Book Review: The Lives of Stanley B by Mat Guy

Mat Guy is no stranger to the world of football writing having brought readers three titles in Barcelona to Buckie Thistle: Exploring Football’s Roads Less Travelled, Minnows United: Adventures at the fringes of the beautiful game and Another Bloody Saturday. These are non-fiction and focus on Guy’s travel at home and abroad recalling tales from lesser known clubs and grounds, exploring what they means to their fans and their communities. The Lives of Stanley B sees Guy take a different direction in writing a fictional novel, which whilst does not solely focus on football, has it at the heart of the book.

The story begins with a journalist at a game amongst his fellow scribes as they try to answer the perennial question, ‘Who was the best footballer you have ever seen play?’ The journo is surprised by his own answer as he comes up with a left-back, Tom Maskell who played merely a handful of games in the old Fourth Division. So begins the lead into the first of four major plotlines as the journalist investigates what happened to the player. In doing so, readers are regaled with the journalists boyhood introduction to the game in a path well known by fans, with the thrill, sights and sounds of their first game, the thirst for facts and figures from programmes and newspaper alike, warmly drawn by Guy. The author wonderfully portrays how with the passing of time this experience changes, with attending reserve games with a handful of ‘characters’ transitioning into those once a year visits for Christmas and New Year games, via being a regular season-ticket holder. In the search for Tom Maskell the journalist finds himself on the south coast of Devon and Cornwall where Maskell played in the local leagues before his time in the professional game.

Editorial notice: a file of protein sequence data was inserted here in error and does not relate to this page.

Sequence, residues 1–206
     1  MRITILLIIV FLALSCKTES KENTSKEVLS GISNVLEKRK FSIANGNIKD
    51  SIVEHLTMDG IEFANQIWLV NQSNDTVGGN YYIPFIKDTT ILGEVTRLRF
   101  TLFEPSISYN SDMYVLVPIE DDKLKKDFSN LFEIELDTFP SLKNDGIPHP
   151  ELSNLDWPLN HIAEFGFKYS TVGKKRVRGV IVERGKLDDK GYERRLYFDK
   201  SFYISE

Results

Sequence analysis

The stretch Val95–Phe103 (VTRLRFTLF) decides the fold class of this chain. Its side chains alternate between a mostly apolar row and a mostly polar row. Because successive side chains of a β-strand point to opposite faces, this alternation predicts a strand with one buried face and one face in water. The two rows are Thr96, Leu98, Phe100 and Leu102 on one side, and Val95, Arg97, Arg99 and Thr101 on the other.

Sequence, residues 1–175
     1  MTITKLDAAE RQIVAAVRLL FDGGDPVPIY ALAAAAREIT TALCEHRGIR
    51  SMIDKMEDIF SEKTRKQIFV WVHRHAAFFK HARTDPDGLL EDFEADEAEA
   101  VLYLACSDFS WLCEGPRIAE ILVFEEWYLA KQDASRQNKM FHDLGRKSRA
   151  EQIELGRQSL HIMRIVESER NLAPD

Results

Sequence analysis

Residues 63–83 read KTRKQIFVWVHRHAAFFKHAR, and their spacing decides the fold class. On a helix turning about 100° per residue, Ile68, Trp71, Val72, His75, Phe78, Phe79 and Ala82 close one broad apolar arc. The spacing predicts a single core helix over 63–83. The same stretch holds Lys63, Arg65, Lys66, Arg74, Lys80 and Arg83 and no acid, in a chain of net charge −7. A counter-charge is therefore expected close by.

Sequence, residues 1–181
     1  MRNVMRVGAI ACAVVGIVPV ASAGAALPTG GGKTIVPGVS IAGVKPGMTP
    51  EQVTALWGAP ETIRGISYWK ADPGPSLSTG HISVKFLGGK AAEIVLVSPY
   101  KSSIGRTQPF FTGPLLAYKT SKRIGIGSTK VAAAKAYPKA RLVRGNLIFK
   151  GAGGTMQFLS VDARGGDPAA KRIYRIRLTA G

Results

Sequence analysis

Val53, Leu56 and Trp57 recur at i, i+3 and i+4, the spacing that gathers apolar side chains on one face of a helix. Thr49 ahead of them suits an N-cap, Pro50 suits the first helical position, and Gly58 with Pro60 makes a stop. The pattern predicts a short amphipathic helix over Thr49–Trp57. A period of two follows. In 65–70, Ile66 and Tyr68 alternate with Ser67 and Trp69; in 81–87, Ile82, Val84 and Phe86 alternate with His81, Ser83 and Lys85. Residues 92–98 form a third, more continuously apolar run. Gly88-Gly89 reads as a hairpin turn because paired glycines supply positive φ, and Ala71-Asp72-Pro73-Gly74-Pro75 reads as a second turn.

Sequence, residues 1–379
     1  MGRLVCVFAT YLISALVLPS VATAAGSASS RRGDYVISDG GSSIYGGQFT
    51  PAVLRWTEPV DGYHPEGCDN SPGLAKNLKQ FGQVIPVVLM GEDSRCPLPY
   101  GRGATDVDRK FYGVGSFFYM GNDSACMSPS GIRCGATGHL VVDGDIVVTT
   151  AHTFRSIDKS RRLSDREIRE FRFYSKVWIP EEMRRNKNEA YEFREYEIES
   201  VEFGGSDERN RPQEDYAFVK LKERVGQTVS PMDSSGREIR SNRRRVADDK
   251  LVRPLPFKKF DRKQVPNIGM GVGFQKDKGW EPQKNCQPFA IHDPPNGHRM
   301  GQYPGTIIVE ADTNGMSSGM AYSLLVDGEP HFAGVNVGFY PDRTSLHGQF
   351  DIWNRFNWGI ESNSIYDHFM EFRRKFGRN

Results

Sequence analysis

Here readers are introduced to Scot, Gordie Macrae in the second major story, who despite his years, ferries people around the lakes, and like Maskell had a brief flirtation with the professional game in his youth. Gordie’s tale though is not of a successful career, instead it is one ended by injury with significant consequences for him and his family. This part of the book sees the introduction of Stanley B and link into the third narrative with the story of Maisie Buchanan. Her tale is of a strong determined woman who raises and provides for her son singlehandedly, experiencing along the way the trauma of the Second World War, as the port of Southampton is bombarded by the Germans. Maisie’s son is a decent enough footballer to play for the South Coast club in the games played during the war, with the football theme continuing after the war, as Maisie takes in games in and around Cumbria whilst in the North West. The last major narrator sees the story of Eilish, a woman with memories of sitting in the stands watching her father play football, in search of her past.

Throughout the book Guy’s writing has a poetic quality, with his depictions of the lakes and nature in general, painting wonderful pictures for the readers and healing, calming influences on the characters as they experience loss and seek resolution and redemption. However, football plays its part too. Guy’s obvious knowledge and love of the beautiful game evident in his depiction of football at all levels and echoing its importance in the lives of the central characters. The descriptions of the ritual of attending games are incredibly authentic as is the recognition by Guy that being absorbed by the action on the pitch can provide respite from the pressures of everyday life.

Life is indeed a journey and Guy uses football as the metaphor in Stanley B to wonderfully travel it.

(Publisher: 1889 Books. November 2021. Paperback: 248 pages)


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Posted October 15, 2021 by Editor in category "Reviews

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